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Nursing workload in intensive care units and the influence of patient and nurse characteristics

Moghadam, K., Chehrzad, M., Masouleh, S., Mardani, A., Maleki, M., Akhlaghi, E. and Harding, C. ORCID: 0000-0002-5192-2027 (2020). Nursing workload in intensive care units and the influence of patient and nurse characteristics. Nursing In Critical Care, doi: 10.1111/nicc.12548

Abstract

Background
Understanding factors that can potentially influence patient care and nursing workload in intensive care units is important. Previous studies have shown contradictory outcomes about the relationships between nursing workload and patient and nurse characteristics.

Aims and objectives
This study aimed to investigate nursing workload in intensive care units and examine the association between this in relation to patient and nurse characteristics.

Design
A cross‐sectional design was conducted.

Methods
All nurses who were working in the intensive care units of five hospitals and met the study criteria were enrolled in the study. Two demographic questionnaires collected nurse and patient demographic information. The Nursing Activities Score was applied to determine nursing workload in three shifts (morning, evening, night) for each nurse. Data were analysed using the independent sample t‐test, one‐way analysis of variance, and multivariable linear regression analysis.

Results
The Nursing Activities Score was calculated for 509 patients who were under the care of 105 intensive care unit nurses. The mean (SD) Nursing Activities Score was 72.84% (22.07%). Morning shifts, male patients, medical treatments, and referred patients from the emergency ward and other intensive care units imposed a higher workload for nurses. Specifically, female nurses, increased number of patients receiving care, and increased patient length of intensive care unit stay were directly associated with increased Nursing Activities Scores. Work in surgical and burn intensive care units were inversely associated with the Nursing Activities Score.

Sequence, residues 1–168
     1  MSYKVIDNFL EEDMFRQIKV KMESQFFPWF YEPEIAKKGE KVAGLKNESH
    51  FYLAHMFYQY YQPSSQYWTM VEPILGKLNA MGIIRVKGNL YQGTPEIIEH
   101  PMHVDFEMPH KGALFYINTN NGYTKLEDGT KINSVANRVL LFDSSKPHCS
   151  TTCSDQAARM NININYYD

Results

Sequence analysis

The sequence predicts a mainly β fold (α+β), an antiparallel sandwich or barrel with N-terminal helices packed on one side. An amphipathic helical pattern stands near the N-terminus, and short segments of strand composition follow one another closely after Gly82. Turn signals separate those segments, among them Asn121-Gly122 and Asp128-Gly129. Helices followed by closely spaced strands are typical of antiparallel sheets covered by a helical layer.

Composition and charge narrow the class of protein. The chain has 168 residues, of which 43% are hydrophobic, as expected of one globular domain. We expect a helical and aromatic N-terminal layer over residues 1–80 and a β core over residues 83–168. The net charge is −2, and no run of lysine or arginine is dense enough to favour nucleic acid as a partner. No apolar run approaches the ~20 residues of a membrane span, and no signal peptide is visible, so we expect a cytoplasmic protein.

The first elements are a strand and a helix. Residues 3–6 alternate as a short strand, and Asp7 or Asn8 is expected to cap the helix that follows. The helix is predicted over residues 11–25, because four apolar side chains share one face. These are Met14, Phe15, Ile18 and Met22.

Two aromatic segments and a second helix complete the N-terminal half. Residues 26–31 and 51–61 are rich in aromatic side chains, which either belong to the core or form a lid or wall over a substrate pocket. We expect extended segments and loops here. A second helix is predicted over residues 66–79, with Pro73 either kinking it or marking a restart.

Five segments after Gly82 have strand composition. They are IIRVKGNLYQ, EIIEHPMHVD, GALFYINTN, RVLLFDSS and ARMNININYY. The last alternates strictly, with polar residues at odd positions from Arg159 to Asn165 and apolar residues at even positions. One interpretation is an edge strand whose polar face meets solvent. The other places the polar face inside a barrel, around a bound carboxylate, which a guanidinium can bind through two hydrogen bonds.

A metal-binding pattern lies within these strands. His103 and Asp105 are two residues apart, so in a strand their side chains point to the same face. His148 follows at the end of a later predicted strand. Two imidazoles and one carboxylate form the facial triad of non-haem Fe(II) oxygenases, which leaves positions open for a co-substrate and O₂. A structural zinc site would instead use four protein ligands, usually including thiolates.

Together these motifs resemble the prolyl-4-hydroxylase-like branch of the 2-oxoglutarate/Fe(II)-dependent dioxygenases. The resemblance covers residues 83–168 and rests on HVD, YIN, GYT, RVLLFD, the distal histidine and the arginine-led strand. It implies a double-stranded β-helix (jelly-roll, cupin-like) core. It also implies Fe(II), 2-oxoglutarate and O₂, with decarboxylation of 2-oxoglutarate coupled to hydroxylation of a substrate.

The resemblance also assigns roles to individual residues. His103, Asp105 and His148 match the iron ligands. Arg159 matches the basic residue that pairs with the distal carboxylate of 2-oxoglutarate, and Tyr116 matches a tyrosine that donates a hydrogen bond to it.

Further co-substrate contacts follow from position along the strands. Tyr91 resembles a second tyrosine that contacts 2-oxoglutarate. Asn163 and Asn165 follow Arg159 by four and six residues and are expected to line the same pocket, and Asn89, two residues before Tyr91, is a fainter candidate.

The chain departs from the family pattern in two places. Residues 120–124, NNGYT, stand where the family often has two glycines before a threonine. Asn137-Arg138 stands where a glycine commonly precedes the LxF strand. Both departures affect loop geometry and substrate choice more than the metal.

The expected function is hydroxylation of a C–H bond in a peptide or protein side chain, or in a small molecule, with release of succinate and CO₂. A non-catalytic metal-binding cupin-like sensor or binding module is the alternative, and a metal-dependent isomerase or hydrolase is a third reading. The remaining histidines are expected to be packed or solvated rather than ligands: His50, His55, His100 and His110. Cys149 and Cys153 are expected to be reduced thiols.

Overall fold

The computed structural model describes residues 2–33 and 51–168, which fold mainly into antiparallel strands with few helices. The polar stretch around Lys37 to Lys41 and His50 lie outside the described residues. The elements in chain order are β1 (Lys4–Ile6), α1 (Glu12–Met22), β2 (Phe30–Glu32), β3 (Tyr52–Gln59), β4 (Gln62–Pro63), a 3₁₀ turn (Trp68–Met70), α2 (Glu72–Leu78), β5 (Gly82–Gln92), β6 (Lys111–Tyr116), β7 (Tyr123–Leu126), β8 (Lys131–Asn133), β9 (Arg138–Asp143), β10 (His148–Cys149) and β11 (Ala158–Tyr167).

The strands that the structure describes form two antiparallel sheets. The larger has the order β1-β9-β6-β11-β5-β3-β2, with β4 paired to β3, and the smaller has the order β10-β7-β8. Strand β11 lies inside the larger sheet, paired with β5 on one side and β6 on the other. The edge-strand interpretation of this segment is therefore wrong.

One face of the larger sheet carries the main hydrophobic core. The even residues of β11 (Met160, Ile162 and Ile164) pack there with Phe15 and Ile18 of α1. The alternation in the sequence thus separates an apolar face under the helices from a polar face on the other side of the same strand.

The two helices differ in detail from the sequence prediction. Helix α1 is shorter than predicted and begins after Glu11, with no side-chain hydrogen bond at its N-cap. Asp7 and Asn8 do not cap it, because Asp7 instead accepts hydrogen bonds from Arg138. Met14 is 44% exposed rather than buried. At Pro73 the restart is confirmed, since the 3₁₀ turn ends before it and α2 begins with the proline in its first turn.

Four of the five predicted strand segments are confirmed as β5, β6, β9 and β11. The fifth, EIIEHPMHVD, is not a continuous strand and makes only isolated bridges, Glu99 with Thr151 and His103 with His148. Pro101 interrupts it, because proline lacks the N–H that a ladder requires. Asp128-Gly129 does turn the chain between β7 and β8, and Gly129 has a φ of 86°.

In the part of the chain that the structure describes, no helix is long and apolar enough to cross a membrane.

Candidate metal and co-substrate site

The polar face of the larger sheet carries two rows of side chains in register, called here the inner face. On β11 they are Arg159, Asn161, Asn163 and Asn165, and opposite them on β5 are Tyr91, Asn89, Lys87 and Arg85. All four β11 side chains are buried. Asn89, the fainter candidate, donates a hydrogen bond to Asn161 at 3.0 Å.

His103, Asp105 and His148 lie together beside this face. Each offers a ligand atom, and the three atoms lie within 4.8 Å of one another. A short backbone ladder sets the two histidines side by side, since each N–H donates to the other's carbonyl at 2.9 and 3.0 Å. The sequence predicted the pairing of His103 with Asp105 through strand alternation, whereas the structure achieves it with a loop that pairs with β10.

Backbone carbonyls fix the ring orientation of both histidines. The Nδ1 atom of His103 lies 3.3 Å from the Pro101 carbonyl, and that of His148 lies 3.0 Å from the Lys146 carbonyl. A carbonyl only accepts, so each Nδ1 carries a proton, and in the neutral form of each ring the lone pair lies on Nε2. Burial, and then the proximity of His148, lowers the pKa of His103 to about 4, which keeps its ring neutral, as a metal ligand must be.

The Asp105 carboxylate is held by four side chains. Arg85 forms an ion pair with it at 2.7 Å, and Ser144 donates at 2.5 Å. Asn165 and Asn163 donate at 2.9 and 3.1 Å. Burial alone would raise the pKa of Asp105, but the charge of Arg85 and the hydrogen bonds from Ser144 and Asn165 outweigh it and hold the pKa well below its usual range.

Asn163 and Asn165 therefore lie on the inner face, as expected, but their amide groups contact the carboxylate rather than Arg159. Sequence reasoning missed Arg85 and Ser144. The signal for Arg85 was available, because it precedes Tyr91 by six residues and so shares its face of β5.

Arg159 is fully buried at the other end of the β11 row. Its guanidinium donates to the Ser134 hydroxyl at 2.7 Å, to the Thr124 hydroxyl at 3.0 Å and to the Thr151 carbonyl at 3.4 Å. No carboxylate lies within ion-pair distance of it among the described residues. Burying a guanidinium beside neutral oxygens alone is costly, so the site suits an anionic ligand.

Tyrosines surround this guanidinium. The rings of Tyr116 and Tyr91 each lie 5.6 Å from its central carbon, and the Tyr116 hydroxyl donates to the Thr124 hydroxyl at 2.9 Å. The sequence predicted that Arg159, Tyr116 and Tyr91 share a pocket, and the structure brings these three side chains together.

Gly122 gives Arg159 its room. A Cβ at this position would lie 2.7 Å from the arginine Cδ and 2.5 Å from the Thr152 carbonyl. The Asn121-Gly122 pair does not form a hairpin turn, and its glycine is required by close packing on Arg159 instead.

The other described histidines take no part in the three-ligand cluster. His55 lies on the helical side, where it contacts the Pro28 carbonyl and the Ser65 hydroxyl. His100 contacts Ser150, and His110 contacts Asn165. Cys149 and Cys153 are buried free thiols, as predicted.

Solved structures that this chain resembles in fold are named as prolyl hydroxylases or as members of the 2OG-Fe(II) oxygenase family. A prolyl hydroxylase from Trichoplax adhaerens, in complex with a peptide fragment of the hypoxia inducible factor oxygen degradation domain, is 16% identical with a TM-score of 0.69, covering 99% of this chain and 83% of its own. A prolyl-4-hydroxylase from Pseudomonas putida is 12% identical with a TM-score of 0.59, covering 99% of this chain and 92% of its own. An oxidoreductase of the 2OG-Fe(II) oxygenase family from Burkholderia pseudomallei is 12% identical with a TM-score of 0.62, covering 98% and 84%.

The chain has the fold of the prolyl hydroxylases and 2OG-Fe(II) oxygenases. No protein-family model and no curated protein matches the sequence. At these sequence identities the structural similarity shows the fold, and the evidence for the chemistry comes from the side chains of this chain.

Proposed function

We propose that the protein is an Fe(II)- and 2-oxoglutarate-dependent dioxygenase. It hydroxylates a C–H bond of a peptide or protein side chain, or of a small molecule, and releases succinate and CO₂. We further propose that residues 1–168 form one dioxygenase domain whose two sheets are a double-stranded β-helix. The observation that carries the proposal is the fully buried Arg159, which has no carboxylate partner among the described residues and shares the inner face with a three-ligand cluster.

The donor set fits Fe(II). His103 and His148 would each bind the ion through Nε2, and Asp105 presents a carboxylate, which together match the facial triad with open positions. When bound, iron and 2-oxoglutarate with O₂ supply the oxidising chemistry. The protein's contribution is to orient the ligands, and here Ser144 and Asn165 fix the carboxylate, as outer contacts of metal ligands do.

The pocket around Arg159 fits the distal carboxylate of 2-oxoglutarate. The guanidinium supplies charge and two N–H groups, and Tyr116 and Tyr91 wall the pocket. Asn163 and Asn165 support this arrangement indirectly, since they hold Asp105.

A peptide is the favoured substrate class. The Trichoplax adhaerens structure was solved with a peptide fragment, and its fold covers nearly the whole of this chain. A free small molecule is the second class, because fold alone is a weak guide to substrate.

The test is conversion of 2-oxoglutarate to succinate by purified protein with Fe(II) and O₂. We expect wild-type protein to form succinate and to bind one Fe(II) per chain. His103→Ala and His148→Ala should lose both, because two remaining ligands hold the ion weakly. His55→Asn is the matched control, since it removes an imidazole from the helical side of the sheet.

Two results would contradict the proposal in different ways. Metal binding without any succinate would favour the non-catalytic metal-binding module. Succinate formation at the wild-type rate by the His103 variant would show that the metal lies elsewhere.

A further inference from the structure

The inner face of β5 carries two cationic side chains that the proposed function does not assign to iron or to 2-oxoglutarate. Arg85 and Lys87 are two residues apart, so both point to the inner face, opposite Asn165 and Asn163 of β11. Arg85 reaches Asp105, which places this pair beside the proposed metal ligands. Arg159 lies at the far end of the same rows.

Conclusion
This study suggests that the workload of nurses in intensive care units can be affected by both nurse and patient characteristics.

Relevance to clinical practice
The findings can be used to ensure appropriate staffing of intensive care units by nurses. However, nurse and patient characteristics should not be considered the only factors that influence nursing workload in intensive care units.

Publication Type: Article
Additional Information: This is the peer reviewed version of the following article: Moghadam, KN, Chehrzad, MM, Masouleh, SR, et al. Nursing workload in intensive care units and the influence of patient and nurse characteristics. Nurs Crit Care. 2020; 1– 7., which has been published in final form at https://doi.org/10.1111/nicc.12548. This article may be used for non-commercial purposes in accordance with Wiley Terms and Conditions for Use of Self-Archived Versions.
Publisher Keywords: Critical care; ICU; Intensive care units; Nursing; Workload
Subjects: R Medicine > RC Internal medicine
R Medicine > RT Nursing
Departments: School of Health Sciences > Language & Communication Science
Date Deposited: 13 Oct 2020 14:09
URI: https://openaccess.city.ac.uk/id/eprint/25079
[img] Text - Accepted Version
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